H2: Institutional network mediates the effect of perceived corruption on SME growth.

2.4 The moderating role of financial slack

Financial slack is the level of liquid assets (e.g. cash on hand) available for immediate deployment by a firm (Kiss et al., Reference Kiss, Fernhaber and McDougall-Covin2018; Kraatz and Zajac, Reference Kraatz and Zajac2001). Voss et al. (Reference Voss, Sirdeshmukh and Voss2008) suggest that financial slack is valuable, but generic and less rare compared to other types of resource slacks. Given that SMEs, especially those in developing countries, are resource-constrained and are often confronted by challenges, such as limited access to credit (Terziovski, Reference Terziovski2010; Wellalage et al., Reference Wellalage, Locke and Samujh2019a), financial slack can be considered a rare and valuable resource. This is because the possession of financial slack by SMEs enables them to engage in strategic organisational activities (Ang and Straub, Reference Ang and Straub1998; Cheng and Kesner, Reference Cheng and Kesner1997; Voss et al., Reference Voss, Sirdeshmukh and Voss2008). SMEs are not restricted in the manner in which they can deploy financial slack and they can apply it to any activity they deem as strategically important for firm survival and success. That is, they can use their excess financial resources to engage in networking activities such as becoming members of exclusive sporting clubs and cultural organisations which would enable them to socialise and develop relationships with elite ties (D'Aveni and Kesner, Reference D'Aveni and Kesner1993). This could give SMEs privileged access to resources and other benefits. Given the opportunity cost of not engaging in corruption in an environment where it is prevalent, along with the risk of losing competitiveness (Getz and Volkema, Reference Getz and Volkema2001; Tonoyan et al., Reference Tonoyan, Strohmeyer, Habib and Perlitz2010), entrepreneurs might more likely be motivated to establish relationships with elite ties (i.e. connections with important institutional actors) to influence the action of other actors (D'Aveni and Kesner, Reference D'Aveni and Kesner1993) as well as mitigate opportunistic behaviours (Lambsdorff, Reference Lambsdorff, Taube and Schramm2005).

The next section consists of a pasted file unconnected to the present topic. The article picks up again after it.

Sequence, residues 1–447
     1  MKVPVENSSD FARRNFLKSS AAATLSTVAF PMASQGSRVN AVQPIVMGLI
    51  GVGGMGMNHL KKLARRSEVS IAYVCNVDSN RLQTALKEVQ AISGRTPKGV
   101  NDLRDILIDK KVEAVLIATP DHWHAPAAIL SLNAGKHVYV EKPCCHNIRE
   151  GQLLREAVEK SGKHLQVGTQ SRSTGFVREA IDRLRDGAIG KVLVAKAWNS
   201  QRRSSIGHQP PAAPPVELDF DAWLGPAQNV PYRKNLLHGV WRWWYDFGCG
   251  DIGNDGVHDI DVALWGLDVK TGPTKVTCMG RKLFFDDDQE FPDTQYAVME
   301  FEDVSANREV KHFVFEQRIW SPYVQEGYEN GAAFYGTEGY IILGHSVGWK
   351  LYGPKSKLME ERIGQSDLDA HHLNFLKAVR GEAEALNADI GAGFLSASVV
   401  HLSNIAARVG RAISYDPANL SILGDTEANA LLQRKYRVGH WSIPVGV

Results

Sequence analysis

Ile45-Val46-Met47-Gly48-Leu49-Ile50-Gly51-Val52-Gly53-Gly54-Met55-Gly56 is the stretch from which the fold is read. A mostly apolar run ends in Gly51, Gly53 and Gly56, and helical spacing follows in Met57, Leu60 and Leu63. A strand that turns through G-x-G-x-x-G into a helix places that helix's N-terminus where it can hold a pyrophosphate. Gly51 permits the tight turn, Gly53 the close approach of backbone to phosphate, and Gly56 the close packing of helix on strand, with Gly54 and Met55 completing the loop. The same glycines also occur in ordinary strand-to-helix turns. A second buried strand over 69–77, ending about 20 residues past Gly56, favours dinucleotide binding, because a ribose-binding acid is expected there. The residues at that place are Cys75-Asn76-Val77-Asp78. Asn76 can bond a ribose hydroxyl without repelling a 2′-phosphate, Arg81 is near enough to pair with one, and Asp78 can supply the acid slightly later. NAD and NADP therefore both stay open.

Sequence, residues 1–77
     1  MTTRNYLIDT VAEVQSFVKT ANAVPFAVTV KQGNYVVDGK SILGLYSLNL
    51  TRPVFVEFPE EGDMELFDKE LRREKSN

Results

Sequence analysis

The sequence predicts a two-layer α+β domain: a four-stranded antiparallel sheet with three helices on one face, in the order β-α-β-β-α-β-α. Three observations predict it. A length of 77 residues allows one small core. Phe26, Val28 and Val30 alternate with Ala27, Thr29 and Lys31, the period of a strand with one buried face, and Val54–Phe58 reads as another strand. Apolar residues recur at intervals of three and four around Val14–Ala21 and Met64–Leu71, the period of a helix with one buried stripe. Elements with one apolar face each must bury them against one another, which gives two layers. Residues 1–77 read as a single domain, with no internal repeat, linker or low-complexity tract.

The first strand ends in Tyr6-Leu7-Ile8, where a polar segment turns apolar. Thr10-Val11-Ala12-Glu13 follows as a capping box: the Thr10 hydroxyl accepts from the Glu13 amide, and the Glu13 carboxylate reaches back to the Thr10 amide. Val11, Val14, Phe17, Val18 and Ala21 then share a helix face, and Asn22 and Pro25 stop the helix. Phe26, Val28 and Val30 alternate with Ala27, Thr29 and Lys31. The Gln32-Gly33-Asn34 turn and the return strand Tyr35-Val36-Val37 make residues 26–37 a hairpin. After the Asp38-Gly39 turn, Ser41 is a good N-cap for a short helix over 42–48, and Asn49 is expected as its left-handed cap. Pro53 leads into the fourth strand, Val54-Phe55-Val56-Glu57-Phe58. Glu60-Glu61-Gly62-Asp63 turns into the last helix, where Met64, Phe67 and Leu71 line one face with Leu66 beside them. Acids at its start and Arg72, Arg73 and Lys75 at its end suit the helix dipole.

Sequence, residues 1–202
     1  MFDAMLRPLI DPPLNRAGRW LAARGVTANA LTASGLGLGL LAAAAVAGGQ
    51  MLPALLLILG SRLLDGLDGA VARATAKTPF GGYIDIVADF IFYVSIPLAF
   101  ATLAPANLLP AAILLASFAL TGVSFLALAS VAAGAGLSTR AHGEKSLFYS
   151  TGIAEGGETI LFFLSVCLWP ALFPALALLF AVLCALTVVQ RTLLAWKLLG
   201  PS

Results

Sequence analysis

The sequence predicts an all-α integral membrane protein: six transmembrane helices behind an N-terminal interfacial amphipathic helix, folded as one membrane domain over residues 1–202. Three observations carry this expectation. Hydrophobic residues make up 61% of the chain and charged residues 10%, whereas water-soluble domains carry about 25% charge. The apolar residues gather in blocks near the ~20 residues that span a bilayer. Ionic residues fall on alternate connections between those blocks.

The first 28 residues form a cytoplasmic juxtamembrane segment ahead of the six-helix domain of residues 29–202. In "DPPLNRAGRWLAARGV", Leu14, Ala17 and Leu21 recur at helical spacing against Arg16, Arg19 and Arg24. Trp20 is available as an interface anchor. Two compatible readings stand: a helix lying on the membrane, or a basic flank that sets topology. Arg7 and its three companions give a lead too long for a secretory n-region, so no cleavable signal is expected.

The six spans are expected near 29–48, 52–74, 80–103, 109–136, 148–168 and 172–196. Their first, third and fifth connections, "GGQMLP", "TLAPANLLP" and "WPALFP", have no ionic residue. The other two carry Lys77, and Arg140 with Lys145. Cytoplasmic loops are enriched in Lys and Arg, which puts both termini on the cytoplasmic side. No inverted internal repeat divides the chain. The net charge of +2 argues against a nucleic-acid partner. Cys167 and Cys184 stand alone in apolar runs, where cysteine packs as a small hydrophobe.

In other words, although many SMEs may be motivated to engage in corruption in environments with high corruption, only those who have financial slack are able to engage in networking activities necessary to connect with elite ties. Although SMEs that lack financial slack could attempt to avail capital from other sources of finances such as loans and utilise debt capital to establish relationships with institutional ties, the likelihood of attaining such loans in weak institutional environments is slim (Wellalage et al., Reference Wellalage, Locke and Samujh2019a). As a result, firms that do not have financial slack may be locked out from accessing opportunities that privileged networks may beget (Della Porta and Vannucci, Reference Della Porta and Vannucci1999; Getz and Volkema, Reference Getz and Volkema2001). Thus, the ‘financial buffer’ stemming from the possession of financial slack reduces the risk to the SMEs as it protects them from the uncertain outcomes of these strategic activities (Ang and Straub, Reference Ang and Straub1998; Cheng and Kesner, Reference Cheng and Kesner1997; Voss et al., Reference Voss, Sirdeshmukh and Voss2008). It gives SMEs the flexibility to develop good relationships with different institutional ties that could help them protect their investments and attain future success. The foregoing reasoning leads us to suggest a more positive effect of perceived corruption on institutional networking when financial slack is higher. Accordingly, we hypothesise that: